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Spud Sunday: The Charge of the Spud Brigade

With the sincerest of apologies to Alfred, Lord Tennyson, I was inspired by events last Friday to pen this slightly less than epic variation on his Charge of the Light Brigade:

Spuds to right of them,
Spuds to left of them,
Spuds behind them;
And on through Temple Bar,
  Strode the six hundred;

Though some may indeed have come charging past that evening, it was chiefly in their numbers that the denizens of Dublin’s Temple Bar bore any resemblance to the 600 immortalised in Tennyson’s classic. As Pádraic Óg Gallagher stood in front of Gallagher’s Boxty House passing out boxty dumpling tasters, Sam Dennigan Jr. and others from his namesake potato company offered bags of their microwaveable spuddies to passing striders and, in an engagement that lasted a mere 90 minutes, they had, give or take, 600 takers for their ready-to-go packets of baby spuds.

Sam Dennigan Jr

Sam Dennigan Jr. with potatoes for those trooping
through Temple Bar last Friday evening

This, then, was National Potato Day.

It had brought the potato-givers onto the streets in a battle for young hearts and minds, like the gaggle of young wans who clattered past, not much inclined to take the proffered potatoes. “Ah, sure I’ll take it for me Ma,” said one finally. In contrast, a well-spoken elderly gentleman later stopped to contemplate the display of bulging potato sacks. His interest was not in small handfuls of neatly packaged baby potatoes but in rather larger quantities. He pointed to a sizeable sack. “I’d get that each week,” said he, declaring himself a five-or-six-floury-spuds-a-day man. Old school Irish, in other words. But this day was not about him but, rather, about how we, as a nation, have diverged from his style of potato eating.

Sacks of potatoes at the Boxty House

Sacks of potatoes on display outside the Boxty House for National Potato Day,
though most aren’t given to eating potatoes by the sackful anymore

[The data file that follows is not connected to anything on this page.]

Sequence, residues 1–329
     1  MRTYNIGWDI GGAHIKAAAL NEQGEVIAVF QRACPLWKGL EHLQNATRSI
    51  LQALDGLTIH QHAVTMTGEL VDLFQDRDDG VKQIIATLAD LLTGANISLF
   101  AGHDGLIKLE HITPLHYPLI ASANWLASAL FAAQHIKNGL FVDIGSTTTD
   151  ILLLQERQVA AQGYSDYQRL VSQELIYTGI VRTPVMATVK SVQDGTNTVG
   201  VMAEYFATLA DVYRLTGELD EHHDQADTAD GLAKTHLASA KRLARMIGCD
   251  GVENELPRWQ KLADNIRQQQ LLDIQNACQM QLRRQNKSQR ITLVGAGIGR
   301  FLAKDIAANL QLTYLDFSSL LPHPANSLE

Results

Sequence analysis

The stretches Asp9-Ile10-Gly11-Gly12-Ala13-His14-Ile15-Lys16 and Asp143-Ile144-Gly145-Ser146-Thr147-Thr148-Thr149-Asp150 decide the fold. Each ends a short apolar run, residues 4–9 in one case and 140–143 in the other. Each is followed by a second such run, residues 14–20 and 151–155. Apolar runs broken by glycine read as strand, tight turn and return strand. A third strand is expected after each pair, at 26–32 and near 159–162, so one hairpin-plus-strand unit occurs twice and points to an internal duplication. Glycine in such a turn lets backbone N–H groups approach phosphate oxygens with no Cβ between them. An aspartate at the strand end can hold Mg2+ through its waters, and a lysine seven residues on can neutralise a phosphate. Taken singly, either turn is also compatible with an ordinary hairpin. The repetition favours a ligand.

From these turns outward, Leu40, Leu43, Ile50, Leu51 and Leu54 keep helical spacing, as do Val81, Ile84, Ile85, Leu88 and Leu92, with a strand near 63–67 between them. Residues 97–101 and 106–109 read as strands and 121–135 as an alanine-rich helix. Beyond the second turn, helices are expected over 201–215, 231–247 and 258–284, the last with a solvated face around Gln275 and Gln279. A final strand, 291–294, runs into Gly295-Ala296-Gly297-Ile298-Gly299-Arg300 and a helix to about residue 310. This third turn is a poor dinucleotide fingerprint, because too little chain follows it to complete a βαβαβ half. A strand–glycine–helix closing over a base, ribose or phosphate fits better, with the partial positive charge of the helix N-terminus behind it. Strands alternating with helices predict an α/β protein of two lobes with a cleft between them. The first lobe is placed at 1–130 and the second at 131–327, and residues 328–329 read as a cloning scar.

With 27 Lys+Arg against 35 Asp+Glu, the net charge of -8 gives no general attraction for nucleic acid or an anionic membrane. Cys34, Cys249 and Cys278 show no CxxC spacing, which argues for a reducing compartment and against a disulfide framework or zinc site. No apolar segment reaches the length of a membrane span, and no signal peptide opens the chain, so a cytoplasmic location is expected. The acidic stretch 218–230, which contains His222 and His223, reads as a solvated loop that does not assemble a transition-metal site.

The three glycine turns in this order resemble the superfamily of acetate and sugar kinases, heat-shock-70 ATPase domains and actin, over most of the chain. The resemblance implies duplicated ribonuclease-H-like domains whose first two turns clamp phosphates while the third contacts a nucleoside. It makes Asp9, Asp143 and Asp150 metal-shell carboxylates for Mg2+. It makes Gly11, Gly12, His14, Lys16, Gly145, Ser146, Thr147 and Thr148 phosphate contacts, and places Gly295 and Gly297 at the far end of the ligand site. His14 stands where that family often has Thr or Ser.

Though still number one as far as our national carbohydrate intake goes, potatoes are eaten less and in more processed forms by younger generations and National Potato Day was aimed at putting potatoes back on their menu, giving it a less traditional and more modern air. And so it was last Friday that, in addition to their appearance on the streets, the nation’s potatoes were seasoned generously with media attention.

For my part, my potato pushing tendencies landed me on newsstands around the country, by way of an interview that appeared in a potato-themed supplement published with Friday’s Irish Independent, and onto the airwaves with two radio interviews marking the day that was in it, first with Declan Meehan on his East Coast FM Morning Show (listen back here) and later with Gerry Kelly on LM FM’s Late Lunch (listen back here). In the social media whirl, #MadAboutSpuds trended.

Irish Independent National Potato Day supplement

Me with my spud books in the Irish Independent’s
National Potato Day supplement

Of course, only time will tell whether this profusion of spud talk will have the desired effect, not only of getting more and different spuds back on to our plates, but of keeping Irish potato farmers in the Irish potato business (which is what National Potato Day was really all about). Biased though I am, I think that it might do just that. Forward, the Spud Brigade!

4 Comments

  1. Sam

    What a nice piece of writing!

  2. Daily Spud

    Thanks Sam, glad you liked it!

  3. brian@irelandfavorites

    When can spud glory fade?
    O boxty, chip, or crisp, be made.
    the potato world wondered.
    Honor the meals they made.
    Honor the Spud Brigade.
    Noble Temple Bar six hundred.

    Ah Spud the fusion of two of the great classics in the world, hope it was ok to follow your lead,
    Cheers,
    Brian.

  4. Daily Spud

    But of course Brian! A great addition as always.

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